Detection of glycan shedding in the blood: New class of multiple sclerosis biomarkers?
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- Detection of Glycan Shedding in the Blood: New Class of Multiple Sclerosis Biomarkers?
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Introduction: Multiple sclerosis (MS) is a devastating autoimmune disease, afflicting people in the prime of their lives. Presently, after initial clinical presentation, there are no reliable markers for whether a patient will develop MS, or whether their prognosis will be aggressive or relapsing-remitting. Furthermore, many MS patients do not respond to treatment. Thus, markers for diagnosis, prognosis, and treatment-responsiveness are lacking for a disease, where a precision medicine approach would be valuable. The glycocalyx (GLX) is the carbohydrate-rich outer surface of the blood vessel wall and is the first interaction between the blood and the vessel. We hypothesized that cleavage of the GLX may be an early stage predictor of immune attack, blood-brain barrier (BBB) breakdown, and disease severity in MS. Methods: Two experimental models of MS, experimental autoimmune encephalitis (EAE), were included in this study. EAE was induced in C57BL/6J mice and Lewis rats, which were monitored for weight loss and clinical presentation in comparison to healthy controls. Plasma samples were obtained longitudinally from mice until peak disease severity and at peak disease severity in rats. Soluble GLX-associated glycosaminoglycans (GAG) and proteoglycans (PG) were detected in plasma samples. Results: All animals receiving EAE emulsion developed fulminant EAE (100% penetrance). Increased plasma levels of chondroitin sulfate were detected before the onset of clinical symptoms and remained elevated at peak disease severity. Hyaluronic acid was increased at the height of the disease, whereas heparan sulfate was transiently increased during early stages only. By contrast, syndecans 1, 3, and 4 were detected in EAE samples as well as healthy controls, with no significant differences between the two groups. Discussion: In this study, we present data supporting the shedding of the GLX as a new class of biomarker for MS. In particular, soluble, sugar-based GLX components are associated with disease severity in two models of MS, molecules that would not be detected in proteomics-based screens of MS patient samples. Patient studies are presently underway.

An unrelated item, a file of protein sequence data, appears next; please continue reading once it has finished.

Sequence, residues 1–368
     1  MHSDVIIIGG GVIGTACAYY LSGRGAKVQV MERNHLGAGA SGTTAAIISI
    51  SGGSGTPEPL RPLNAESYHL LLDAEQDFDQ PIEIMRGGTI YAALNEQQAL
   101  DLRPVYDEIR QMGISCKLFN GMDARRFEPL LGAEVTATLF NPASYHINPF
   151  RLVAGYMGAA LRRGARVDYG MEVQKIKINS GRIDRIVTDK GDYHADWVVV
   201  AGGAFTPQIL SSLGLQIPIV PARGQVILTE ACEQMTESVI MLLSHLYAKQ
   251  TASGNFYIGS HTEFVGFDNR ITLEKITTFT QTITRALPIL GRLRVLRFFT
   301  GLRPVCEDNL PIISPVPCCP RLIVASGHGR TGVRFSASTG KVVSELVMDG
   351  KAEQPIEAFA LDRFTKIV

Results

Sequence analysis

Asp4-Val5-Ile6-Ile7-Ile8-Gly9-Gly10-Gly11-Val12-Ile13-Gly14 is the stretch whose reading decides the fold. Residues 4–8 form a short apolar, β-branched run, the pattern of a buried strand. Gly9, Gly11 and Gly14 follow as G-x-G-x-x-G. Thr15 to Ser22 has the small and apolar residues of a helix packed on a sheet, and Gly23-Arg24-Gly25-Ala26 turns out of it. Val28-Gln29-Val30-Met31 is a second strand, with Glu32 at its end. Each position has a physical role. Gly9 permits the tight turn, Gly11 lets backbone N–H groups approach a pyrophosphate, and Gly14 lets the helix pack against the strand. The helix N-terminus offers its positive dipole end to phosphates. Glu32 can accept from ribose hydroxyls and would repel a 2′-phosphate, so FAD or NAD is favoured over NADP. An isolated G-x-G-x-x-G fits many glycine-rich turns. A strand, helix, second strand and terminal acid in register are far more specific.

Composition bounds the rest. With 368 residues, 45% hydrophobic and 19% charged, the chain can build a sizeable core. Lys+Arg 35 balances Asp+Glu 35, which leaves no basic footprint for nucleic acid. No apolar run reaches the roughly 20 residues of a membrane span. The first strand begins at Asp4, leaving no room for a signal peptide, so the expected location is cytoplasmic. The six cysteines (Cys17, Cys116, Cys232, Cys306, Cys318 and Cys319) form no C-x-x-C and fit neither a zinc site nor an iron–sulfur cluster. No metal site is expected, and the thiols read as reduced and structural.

|Tidsskrift||Frontiers in Immunology|
|Status||Udgivet - 2018|
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